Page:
Near-inertial oscillations are an important feature of the climate system. The output of a high-resolution ocean model of the North Atlantic was used to investigate interannual variability of wind power input (WPI) to near-inertial currents with respect to the North Atlantic Oscillation (NAO). The model is forced with NCEP/NCAR reanalysis wind stress for JFM of the years 1989 (strong positive NAO-phase) and 2010 (negative NAO).
Atmospheric parameters are tightly related to the NAO. The storm track in 1989 is intensified and channels storms into the subpolar North Atlantic, while it is more fanned out in 2010, allowing single storms to travel into the Mediterranean Sea.
Similar patterns emerge from the distribution of near-inertial wind stress magnitude (NIWSM), i.e. the part of the wind stress spectrum that is most efficient in generating near-inertial energy (NIE). Seasonally averaged NIWSM, however, is not anchored to the storm track but is shifted to the south. This behaviour is due to the latitude-dependent inertial frequency, which decouples synoptic variability from the
near-inertial frequency band.
WPI for the two considered years is consistent with the different distributions of storms: While 1989 produced a total rate of WPI of 6.48 x 109 W (= GW) and a secondary centre of weakly increased WPI in the eastern subpolar North Atlantic corresponding to the intensified storm track in this region, total WPI in 2010 amounted to 9.64 GW and was associated with a strongly enhanced secondary centre of WPI in the subtropics. Although anomalies both in the storm track and mean NIWSM are more pronounced in the subpolar ocean basin, WPI prefers the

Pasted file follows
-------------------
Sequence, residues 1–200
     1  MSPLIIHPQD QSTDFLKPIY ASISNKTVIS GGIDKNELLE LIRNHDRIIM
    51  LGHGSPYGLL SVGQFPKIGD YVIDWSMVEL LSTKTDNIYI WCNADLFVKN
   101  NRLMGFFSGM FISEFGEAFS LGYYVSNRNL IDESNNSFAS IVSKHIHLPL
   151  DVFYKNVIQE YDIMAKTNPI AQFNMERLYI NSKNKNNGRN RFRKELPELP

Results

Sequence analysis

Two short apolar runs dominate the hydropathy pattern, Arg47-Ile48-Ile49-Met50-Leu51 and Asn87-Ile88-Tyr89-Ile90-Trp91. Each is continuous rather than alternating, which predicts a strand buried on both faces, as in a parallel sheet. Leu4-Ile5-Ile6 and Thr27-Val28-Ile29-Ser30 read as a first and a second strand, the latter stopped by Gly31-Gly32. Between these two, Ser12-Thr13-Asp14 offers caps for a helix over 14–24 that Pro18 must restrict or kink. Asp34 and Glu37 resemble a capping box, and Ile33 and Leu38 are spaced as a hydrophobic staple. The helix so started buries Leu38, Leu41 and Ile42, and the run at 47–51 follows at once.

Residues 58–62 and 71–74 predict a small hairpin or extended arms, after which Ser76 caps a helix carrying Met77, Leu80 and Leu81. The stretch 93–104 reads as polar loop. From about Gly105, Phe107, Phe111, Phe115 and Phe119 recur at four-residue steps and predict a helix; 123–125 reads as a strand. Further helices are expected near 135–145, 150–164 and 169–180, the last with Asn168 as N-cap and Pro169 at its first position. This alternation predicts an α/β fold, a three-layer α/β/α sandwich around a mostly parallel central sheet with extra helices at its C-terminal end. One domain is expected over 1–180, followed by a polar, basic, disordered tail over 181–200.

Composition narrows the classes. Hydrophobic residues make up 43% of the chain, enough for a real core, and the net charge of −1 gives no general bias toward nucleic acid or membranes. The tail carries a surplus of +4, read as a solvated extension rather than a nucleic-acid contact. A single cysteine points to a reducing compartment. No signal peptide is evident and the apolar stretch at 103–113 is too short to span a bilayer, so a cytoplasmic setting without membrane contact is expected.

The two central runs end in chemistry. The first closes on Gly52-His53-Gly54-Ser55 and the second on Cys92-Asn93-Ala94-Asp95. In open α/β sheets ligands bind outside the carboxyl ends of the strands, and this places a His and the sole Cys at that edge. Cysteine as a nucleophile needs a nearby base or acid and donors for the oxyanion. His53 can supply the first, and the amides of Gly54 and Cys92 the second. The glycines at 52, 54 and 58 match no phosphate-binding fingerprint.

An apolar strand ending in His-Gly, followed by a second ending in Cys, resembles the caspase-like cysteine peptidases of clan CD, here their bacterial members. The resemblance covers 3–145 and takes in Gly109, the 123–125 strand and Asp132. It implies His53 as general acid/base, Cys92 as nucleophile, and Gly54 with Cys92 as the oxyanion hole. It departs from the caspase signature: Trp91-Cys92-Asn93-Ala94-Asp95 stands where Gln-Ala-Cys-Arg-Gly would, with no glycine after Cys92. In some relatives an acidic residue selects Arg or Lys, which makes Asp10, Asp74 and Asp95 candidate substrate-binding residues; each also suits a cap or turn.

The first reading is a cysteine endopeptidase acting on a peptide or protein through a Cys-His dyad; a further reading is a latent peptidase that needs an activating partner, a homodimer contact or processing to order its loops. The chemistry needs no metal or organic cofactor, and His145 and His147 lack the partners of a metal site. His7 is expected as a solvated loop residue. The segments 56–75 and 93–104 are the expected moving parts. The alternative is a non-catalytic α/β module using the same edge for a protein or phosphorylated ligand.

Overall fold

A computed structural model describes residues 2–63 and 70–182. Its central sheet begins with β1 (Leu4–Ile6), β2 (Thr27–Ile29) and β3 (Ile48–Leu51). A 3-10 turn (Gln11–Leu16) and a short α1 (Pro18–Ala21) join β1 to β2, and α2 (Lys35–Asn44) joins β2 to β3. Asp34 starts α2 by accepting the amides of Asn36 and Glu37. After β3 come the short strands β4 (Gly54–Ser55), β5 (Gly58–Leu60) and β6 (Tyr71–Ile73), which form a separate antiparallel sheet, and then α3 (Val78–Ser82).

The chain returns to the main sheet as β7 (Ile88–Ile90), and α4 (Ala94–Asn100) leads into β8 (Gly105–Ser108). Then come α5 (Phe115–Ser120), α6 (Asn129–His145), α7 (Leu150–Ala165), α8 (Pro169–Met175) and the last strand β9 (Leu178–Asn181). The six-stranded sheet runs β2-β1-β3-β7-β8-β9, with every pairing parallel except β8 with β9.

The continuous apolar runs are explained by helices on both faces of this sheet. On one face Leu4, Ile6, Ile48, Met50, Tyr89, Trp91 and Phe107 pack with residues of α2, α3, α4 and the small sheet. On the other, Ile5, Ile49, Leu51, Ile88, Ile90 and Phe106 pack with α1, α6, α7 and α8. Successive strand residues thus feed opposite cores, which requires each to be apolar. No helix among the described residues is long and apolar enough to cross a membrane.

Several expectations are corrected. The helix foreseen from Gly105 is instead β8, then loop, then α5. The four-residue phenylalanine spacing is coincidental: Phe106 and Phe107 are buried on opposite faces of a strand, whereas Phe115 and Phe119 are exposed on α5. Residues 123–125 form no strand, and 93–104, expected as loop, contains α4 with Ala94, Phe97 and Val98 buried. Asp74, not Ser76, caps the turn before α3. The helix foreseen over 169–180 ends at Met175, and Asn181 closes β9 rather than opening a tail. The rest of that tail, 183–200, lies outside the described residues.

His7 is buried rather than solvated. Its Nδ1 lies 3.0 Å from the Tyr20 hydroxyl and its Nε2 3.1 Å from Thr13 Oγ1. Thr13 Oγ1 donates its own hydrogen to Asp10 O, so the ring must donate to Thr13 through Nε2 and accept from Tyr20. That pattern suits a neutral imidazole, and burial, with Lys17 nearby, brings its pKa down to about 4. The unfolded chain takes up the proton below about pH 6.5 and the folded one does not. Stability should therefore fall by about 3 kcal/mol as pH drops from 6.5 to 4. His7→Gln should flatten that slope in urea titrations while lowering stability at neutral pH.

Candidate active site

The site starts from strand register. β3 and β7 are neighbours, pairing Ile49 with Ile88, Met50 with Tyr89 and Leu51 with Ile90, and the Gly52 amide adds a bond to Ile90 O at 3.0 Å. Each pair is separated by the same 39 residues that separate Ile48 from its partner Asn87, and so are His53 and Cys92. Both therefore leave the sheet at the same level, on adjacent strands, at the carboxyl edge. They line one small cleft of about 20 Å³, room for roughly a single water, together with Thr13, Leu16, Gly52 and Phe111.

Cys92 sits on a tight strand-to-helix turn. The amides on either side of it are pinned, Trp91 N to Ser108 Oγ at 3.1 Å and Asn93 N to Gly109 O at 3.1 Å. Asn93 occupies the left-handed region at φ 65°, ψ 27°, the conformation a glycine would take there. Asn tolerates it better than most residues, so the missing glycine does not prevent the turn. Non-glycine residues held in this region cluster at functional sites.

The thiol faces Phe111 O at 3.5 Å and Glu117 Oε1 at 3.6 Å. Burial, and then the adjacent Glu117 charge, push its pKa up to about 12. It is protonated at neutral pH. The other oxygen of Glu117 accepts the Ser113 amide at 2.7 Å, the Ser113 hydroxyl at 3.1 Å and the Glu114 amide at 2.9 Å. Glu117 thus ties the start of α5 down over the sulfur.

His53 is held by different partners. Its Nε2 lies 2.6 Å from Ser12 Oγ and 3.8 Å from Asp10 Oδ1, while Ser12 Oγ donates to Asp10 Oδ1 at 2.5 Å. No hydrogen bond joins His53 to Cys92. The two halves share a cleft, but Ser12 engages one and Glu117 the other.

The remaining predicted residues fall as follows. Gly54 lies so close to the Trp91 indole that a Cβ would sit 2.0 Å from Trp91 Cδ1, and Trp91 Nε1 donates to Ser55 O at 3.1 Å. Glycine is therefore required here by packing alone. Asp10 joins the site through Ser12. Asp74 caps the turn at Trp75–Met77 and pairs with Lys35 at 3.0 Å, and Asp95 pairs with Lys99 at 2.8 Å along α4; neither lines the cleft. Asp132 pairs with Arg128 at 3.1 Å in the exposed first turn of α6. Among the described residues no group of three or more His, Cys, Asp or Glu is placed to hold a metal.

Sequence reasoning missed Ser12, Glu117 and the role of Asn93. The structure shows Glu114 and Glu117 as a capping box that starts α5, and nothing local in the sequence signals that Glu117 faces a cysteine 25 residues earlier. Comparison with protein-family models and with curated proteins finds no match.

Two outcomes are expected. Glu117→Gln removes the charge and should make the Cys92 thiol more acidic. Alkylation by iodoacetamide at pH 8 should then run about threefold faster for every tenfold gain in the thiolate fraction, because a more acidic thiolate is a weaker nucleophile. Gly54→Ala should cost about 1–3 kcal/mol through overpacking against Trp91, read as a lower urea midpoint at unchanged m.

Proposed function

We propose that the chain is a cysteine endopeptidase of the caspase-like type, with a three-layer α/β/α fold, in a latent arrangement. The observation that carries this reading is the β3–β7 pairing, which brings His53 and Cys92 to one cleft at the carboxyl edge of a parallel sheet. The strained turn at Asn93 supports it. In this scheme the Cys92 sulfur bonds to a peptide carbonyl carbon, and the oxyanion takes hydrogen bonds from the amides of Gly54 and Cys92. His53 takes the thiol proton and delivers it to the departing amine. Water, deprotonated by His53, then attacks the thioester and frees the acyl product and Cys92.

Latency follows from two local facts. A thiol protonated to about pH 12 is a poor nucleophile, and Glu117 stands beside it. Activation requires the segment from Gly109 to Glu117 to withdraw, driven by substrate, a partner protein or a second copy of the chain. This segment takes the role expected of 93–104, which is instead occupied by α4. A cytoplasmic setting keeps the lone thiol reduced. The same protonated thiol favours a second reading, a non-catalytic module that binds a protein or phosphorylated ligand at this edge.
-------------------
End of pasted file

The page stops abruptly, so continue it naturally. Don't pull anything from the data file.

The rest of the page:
subtropics. It is proposed that a mixture of atmospheric and oceanic processes is responsible for this asymmetry, chief among them the variation of the Coriolis frequency with latitude.
Patterns of WPI, mixed layer NIE, and NIE in the deep ocean are similar to each other. NIE decreases drastically with depth.
Mean NIWSM is a promising atmospheric proxy to WPI. Linear statistical models of WPI built from this quantity allow the estimation of total WPI for each winter (JFM) from 1980 to 2013 in low, mid-, and high-latitudes. Total WPI as well as mid-latitude WPI is only weakly correlated with the NAO. Low- and high-latitude
WPI on the other hand is strongly correlated with the NAO, with the magnitude of correlation coefficients exceeding values of 0.8, suggesting that the relationship of WPI to the NAO lies in shifting the patterns of WPI. During negative NAO phases, WPI is pulled towards the subtropics (and thus intensified), whereas it shifts towards the polar ocean during positive NAO phases, both in accordance with changes in the configuration of the storm track tail. Since the response of WPI to comparable mean NIWSM is weakening with latitude, total WPI is more strongly influenced by lowlatitude WPI. It is concluded that the relationship between WPI in the North Atlantic
and the NAO is of a twofold nature: While total WPI is only weakly and inversely related to the NAO, the distribution of WPI is strongly depending on it.
Course of study: MSc Climate Physics